In my humble opinion, a proper roadtrip isn’t supposed to go fully to plan. Or at least that’s what I tell myself. If things are running smoothly and itineraries are being followed then somewhere along the line you might not have grasped the opportunities and experiences that were passing you by.
Back in March when the European winter was still in force I made my escape. I’d jumped on a plane and headed to the warmer climes of Malaysia to cover their premier road race: the Tour de Langkawi. The week-long stage race is named after a Malaysian island that only sees a single stage of the event while the majority of the stages loop around the Malaysian mainland.
In the weeks prior to the race the idea of a road trip was planted in my head by a friend I’d made while suffering at the savage Taiwan KOM back in November. Danial Hakim is a photographer with a passion for Asian racing and he had been waxing lyrical about areas that were begging to be investigated by bike. No excuses were required — we got our plans in motion. After all, it’s crazy to travel for close to 25 hours from my home in Europe to Malaysia to just cover a stage race.
Soon enough word got out, people got interested and before long we gathered a small Roadtripping team. Local legend and ex-Giant-Shimano WorldTour rider Sea Keong Loh would be the man to show us his training roads. Joining us would be Danial’s best mate and partner at their cycling site Peloton Images Asia, Zie Haqqin, a man who’s a dab hand when it comes to shooting video.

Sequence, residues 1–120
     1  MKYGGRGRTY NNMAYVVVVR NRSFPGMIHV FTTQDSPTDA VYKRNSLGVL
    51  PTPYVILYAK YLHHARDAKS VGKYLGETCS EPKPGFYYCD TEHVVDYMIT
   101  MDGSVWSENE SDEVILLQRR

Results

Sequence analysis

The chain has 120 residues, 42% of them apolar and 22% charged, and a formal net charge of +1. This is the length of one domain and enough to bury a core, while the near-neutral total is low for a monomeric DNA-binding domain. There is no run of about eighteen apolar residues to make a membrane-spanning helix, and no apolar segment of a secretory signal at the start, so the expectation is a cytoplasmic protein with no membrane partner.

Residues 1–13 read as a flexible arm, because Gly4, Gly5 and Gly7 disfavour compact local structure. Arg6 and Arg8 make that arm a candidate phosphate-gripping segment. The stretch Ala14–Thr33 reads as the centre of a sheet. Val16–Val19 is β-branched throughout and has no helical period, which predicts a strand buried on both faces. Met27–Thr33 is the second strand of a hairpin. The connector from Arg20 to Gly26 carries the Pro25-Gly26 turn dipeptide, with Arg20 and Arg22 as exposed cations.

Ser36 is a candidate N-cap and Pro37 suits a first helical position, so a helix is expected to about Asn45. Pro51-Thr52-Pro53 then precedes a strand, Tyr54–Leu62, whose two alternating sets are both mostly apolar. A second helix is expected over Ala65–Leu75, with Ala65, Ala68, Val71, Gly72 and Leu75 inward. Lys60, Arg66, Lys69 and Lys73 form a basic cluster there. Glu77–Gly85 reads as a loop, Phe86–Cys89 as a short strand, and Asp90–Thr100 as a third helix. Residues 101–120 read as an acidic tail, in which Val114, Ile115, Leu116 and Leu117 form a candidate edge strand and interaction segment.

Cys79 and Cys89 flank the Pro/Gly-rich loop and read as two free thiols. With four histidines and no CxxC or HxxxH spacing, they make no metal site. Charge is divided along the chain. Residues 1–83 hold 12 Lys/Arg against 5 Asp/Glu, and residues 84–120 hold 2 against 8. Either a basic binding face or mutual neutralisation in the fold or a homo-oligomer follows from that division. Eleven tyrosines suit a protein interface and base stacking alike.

Let’s fast forward a little here, skip past the Tour de Langkawi and jump straight to the Monday after the race; a day we’d put aside for recovering from the race and recharging bodies as well as batteries. Danial, Zie and I had all worked covering the race while Sea Keong had been racing for the Malaysian national team. We took a necessary trip to the local bike store, Jami’s Bike Shop on the outskirts of Kuala Lumpur, to pick up a Pinarello they’d generously offered for the trip.
You start to wonder when the owner says to pop around at 10:30pm to pick up a bike. In the UK, turning up at that hour would see you standing in font of a closed shop; in Malaysia it results in eating street food with the owner across the road while watching the world drift by.
The high-end Italian kit and bright lights of Jami’s stands out among the small family businesses selling everyday mundane items, attached to their proprietors’ homes. Once the food was polished off and a quick bike fit was sorted we hit the road, ready for bed and eager in the knowledge that the following days’ adventure was just a car ride away.